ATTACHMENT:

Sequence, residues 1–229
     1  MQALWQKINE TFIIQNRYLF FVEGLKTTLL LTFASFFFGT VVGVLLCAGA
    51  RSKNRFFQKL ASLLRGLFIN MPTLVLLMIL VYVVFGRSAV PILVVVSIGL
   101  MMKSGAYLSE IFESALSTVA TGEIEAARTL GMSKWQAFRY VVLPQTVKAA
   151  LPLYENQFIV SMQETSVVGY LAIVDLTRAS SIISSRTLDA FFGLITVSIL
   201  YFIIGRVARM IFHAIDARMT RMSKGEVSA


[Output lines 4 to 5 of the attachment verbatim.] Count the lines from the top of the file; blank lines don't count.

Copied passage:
   101  MMKSGAYLSE IFESALSTVA TGEIEAARTL GMSKWQAFRY VVLPQTVKAA
   151  LPLYENQFIV SMQETSVVGY LAIVDLTRAS SIISSRTLDA FFGLITVSIL